Escalating tariffs and declining budgets bring a new set of pressures
The challenge of squaring spiralling programme tariffs with declining commissioning budgets is one with which all the PSBs are grappling – across ever more genres.
As BBC2’s Patrick Holland spells out this week, the only way it can offer viewers ambitious, expensive factual entertainment is via significant investment from third parties, either through distributor deficit financing or broadcaster/SVoD co-production.
But there is some tension attached to the need for third-party funding. I’ve heard grumbles from multiple indies about the BBC pulling back from fully funding non-scripted shows, and there is unease at its insistence on almost complete editorial control but reluctance to stump ubp the equivalent cash.
The corporation quite rightly develops the most bespoke programmes it can – but the more tailored a show is to a UK PSB sensibility, the harder it can be to find an overseas partner.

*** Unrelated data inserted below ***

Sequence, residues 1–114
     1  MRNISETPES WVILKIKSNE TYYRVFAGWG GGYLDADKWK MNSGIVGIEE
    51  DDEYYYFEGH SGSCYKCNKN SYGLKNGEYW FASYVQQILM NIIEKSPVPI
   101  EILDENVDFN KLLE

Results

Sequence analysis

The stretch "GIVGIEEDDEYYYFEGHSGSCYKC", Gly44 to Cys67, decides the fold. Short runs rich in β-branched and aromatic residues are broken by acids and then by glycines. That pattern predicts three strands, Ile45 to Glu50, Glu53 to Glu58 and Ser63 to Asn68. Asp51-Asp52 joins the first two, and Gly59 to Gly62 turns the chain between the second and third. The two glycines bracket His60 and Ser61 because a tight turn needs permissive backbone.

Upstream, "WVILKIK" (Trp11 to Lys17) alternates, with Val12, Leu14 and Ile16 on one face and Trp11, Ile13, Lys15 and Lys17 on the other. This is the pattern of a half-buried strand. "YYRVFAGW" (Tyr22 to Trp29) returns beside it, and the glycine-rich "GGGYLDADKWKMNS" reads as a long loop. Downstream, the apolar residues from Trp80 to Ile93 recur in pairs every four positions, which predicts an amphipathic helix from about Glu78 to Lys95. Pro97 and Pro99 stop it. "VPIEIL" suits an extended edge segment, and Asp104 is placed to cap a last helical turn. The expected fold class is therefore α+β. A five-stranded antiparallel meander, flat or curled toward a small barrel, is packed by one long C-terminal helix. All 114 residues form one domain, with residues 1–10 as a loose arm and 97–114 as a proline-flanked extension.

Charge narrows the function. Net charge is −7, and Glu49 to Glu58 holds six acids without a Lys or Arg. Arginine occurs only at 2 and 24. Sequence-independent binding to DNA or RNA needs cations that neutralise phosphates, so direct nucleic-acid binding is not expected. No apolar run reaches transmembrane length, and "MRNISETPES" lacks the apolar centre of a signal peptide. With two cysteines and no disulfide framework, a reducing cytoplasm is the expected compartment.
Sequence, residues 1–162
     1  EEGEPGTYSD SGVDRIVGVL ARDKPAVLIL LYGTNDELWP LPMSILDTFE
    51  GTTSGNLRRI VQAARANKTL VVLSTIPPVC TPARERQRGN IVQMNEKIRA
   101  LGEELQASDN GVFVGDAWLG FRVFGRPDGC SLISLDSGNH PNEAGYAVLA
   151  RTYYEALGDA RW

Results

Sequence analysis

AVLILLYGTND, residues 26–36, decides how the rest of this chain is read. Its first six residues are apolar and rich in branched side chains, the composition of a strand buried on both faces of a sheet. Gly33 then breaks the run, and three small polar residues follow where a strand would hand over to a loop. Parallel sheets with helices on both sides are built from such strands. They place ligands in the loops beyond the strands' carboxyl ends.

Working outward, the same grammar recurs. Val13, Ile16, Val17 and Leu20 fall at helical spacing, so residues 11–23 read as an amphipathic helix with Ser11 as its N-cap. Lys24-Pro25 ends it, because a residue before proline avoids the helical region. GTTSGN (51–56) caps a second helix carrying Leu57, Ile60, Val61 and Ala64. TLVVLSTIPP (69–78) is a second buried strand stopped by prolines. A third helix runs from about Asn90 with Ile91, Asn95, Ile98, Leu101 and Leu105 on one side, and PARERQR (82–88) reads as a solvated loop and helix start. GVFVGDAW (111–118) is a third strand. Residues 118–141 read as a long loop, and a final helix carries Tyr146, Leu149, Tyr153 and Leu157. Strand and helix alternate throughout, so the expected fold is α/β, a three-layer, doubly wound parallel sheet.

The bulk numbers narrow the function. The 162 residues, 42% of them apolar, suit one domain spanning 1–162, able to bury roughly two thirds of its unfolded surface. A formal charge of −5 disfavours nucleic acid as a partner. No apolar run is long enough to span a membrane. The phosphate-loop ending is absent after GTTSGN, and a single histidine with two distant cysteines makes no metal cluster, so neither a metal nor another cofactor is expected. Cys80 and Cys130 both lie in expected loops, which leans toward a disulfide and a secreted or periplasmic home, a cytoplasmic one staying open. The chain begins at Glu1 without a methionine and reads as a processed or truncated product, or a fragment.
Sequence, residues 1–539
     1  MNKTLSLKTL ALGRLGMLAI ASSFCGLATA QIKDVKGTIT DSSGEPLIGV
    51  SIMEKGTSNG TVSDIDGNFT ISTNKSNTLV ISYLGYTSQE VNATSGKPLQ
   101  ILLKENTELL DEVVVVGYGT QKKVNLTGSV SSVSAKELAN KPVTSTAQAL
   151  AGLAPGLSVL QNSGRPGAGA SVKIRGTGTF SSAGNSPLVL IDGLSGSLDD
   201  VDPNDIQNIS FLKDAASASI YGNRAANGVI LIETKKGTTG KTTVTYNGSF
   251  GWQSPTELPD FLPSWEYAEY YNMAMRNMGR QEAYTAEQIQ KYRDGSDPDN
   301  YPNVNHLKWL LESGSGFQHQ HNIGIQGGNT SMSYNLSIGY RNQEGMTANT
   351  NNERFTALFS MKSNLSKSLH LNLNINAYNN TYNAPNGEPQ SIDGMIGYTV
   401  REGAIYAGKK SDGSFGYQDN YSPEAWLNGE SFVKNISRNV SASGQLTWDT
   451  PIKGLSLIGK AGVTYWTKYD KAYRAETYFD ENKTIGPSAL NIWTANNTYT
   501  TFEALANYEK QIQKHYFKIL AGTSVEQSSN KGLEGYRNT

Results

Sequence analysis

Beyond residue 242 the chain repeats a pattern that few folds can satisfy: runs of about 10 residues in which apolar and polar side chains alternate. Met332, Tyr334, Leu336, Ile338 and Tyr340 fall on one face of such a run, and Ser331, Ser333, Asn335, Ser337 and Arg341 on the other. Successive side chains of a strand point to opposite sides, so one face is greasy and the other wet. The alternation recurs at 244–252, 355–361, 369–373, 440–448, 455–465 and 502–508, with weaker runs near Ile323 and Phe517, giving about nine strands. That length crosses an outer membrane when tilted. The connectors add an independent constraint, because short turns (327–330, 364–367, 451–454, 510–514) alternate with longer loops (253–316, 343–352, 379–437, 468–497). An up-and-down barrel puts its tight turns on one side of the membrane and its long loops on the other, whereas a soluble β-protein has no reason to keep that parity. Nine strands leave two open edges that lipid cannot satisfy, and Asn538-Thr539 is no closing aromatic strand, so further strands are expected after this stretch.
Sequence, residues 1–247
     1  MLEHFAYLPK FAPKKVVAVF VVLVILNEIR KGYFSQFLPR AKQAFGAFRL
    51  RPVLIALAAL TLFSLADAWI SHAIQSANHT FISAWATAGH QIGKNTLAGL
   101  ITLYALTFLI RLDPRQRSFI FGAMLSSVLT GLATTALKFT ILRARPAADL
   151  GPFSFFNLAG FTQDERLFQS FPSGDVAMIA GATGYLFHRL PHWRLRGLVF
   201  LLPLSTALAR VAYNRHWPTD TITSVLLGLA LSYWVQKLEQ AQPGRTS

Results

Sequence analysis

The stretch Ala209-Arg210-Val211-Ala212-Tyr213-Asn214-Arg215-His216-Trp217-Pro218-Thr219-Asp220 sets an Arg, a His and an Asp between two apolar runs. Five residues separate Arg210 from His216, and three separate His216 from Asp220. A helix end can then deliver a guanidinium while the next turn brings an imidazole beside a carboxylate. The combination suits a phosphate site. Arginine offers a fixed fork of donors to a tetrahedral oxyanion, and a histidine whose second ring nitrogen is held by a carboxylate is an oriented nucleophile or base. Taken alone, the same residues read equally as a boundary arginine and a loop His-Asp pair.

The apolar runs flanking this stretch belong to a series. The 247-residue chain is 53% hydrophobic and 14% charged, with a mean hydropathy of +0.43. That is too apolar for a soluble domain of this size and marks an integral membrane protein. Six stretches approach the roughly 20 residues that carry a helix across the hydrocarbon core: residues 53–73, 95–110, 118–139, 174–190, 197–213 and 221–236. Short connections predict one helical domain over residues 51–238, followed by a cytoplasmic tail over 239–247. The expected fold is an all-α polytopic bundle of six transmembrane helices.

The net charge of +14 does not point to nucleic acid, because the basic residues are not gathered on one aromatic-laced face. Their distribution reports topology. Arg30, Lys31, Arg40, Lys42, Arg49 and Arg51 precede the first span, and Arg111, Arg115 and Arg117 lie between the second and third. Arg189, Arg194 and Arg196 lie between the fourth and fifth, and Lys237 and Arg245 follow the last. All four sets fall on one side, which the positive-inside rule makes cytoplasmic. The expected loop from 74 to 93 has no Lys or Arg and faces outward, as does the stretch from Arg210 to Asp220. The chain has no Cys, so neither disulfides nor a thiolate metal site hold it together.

If the corporation is only paying, say, 60% or 70% of the tariff, the challenge of filling the gap becomes even more pressing.
“Delivering drama as scripted tariffs skyrocket is keeping senior PSB execs occupied”
That puts even greater significance on old-fashioned producer/ broadcaster relations, and requires both parties to be alert to the requirements of the other.
The fact that BBC2 has managed to create three shows of such scale demonstrates that the necessary balancing act be can be pulled off – but it isn’t easy and is likely to occupy more of producers’ time in the future.
Delivering drama as scripted tariffs skyrocket is keeping senior PSB execs occupied as well. How Channel 4 can excel in the genre when its financial firepower is dwarfed by the global players is right at the top of Ian Katz’s priority list, according to sources.
And the same question might well apply to Britbox in the UK, which will receive just £65m from ITV over two years to fund customer and content acquisition, as well as origination.
She suggested the Channel 5 co-pro Blood might be the type of content Britbox orders, describing it as “high-quality, with a proper cast”, but made for “what drama used to cost when I started working in TV many years ago”.
C5’s Ben Frow has already indicated that his channel is keen to deliver more drama of this sort, and it is possible C4 and Britbox could follow suit. A renaissance in reasonably priced scripted could yet be a side effect from the SVoD-fuelled drama boom.
- Chris Curtis is the editor in chief of Broadcast